Meanwhile, at Jerusalem Paul’s report greatly heartens James and the presbyters (verses 19-20), but they express concern about certain misrepresentations of Paul being circulated among the Jewish Christians. Because of Paul’s frequent encounters with hostile Jews in various cities, he can hardly be surprised by such reports, and James is eager to put them to rest. Paul, desiring to be all things to all men (1 Corinthians 9:19-23; Romans 7:12), acquiesces in James’s suggestion for how to go about neutralizing the rumors current among the “tens of thousands” (myriads — verse 20) of Jewish Christians. This suggestion involves the rather elaborate public fulfillment of a Nazirite vow (verses 23-24; Numbers 6:1-21).
Sunday, July 27
Acts 21:26-34: On the next day Paul begins daily worship in the temple as the sponsor of the four men under vow, to provide the offering required on such occasions (verse 26). A week later he is recognized in the temple by some of the same Asian Jews with whom he has already had so many painful experiences (verse 27; 18:19; 20:19).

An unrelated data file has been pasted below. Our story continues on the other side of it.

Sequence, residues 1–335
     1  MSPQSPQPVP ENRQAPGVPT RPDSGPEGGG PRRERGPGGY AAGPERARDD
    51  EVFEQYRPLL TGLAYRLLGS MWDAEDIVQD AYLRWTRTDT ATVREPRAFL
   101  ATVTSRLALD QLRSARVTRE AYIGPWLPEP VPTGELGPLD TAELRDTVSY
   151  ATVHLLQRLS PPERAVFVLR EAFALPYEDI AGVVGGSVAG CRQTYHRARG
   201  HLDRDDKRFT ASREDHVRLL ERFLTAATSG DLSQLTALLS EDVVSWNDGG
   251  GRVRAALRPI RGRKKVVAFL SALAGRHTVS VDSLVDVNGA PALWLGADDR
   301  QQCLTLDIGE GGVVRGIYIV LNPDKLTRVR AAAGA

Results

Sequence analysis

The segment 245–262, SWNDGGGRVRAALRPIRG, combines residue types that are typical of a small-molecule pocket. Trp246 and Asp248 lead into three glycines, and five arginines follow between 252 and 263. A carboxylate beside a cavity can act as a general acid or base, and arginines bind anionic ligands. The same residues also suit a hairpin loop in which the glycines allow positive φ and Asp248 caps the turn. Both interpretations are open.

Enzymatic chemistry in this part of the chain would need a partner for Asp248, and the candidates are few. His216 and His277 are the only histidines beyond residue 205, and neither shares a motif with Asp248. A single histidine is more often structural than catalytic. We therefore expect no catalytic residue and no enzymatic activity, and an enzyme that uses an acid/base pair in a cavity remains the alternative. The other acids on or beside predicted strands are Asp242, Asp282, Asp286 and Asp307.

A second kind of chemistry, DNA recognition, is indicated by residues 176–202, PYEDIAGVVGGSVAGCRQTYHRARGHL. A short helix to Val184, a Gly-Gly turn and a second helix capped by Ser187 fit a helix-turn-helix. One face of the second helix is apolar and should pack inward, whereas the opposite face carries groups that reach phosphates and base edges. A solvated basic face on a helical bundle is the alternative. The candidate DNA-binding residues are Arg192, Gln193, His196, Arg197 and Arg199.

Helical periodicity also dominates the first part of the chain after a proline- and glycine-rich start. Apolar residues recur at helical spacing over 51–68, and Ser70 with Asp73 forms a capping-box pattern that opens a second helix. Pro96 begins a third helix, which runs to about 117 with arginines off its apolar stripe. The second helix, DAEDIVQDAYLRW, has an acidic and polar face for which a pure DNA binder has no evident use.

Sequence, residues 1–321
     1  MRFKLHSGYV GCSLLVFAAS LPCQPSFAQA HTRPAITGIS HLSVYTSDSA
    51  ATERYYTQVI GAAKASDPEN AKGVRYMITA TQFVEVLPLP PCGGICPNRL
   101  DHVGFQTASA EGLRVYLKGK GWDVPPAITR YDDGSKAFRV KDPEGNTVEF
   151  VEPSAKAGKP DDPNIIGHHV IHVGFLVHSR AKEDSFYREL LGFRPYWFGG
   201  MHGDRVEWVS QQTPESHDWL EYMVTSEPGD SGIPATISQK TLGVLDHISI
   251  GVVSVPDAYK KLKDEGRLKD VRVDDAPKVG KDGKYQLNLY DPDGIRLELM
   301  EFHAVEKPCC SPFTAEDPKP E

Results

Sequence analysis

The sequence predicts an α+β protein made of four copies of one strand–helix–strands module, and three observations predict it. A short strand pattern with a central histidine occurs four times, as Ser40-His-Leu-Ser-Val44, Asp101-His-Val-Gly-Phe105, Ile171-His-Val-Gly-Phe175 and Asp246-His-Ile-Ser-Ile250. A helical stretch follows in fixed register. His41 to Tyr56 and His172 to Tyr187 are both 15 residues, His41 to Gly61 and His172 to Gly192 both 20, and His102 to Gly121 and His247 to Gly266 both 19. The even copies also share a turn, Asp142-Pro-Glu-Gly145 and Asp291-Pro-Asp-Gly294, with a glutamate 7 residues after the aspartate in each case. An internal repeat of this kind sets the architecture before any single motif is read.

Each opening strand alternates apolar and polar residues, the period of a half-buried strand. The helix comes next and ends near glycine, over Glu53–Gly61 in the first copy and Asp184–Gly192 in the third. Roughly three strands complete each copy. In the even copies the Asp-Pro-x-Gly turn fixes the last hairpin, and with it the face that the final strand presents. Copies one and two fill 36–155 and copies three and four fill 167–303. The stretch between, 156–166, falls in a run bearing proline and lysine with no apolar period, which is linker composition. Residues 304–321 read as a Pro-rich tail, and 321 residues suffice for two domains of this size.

It is important to observe that the objections to Paul at Jerusalem do not come from the Jewish Christians living there, but from the Diaspora Jews, whose presence in Jerusalem is occasioned by the feast of Pentecost (20:6,16), a normal time for pilgrimage to the temple. On the streets of the city they had already recognized Trophimus, a Christian from Asia, who accompanied Paul to Jerusalem for the purpose of transporting the collection of money for the poor (20:4; cf. also 2 Timothy 4:20). The Jews from Ephesus accuse Paul of introducing this Gentile into the temple beyond the Court of the Gentiles.
The gravity of their accusation is indicated in the inscription, written in both Greek and Latin, which separated that court from the Court of Women (Josephus, Jewish War 5.5.2; Antiquities 15.11.5 ; cf. also Ephesians 2:14). That inscription, discovered by C. S. Clermont-Ganneau in 1871, says: “No foreigner [non-Jew] is to enter within the balustrade and the embankment that surrounds the sanctuary. If anyone is apprehended in the act, let him know that he must hold himself to blame for the penalty of death that will follow.”
After ejecting Paul from the temple, his accusers close the gates to prevent his seeking refuge therein (verse 30). Because such riots in the temple are by no means rare, particularly during pilgrimages, a Roman guard of a thousand men is stationed in the nearby Fortress Antonia, and news of the disturbance reaches the commander of this unit, Claudius Lysias (23:26), who promptly takes Paul into custody to prevent his being murdered. It was at this very place that an earlier crowd of Jews had insisted to Pilate, “Take Him away!” [Aire touton in Luke 23:18] with respect to Jesus, the same insistence now being made with respect to Paul [Aire auton in Acts 21:36].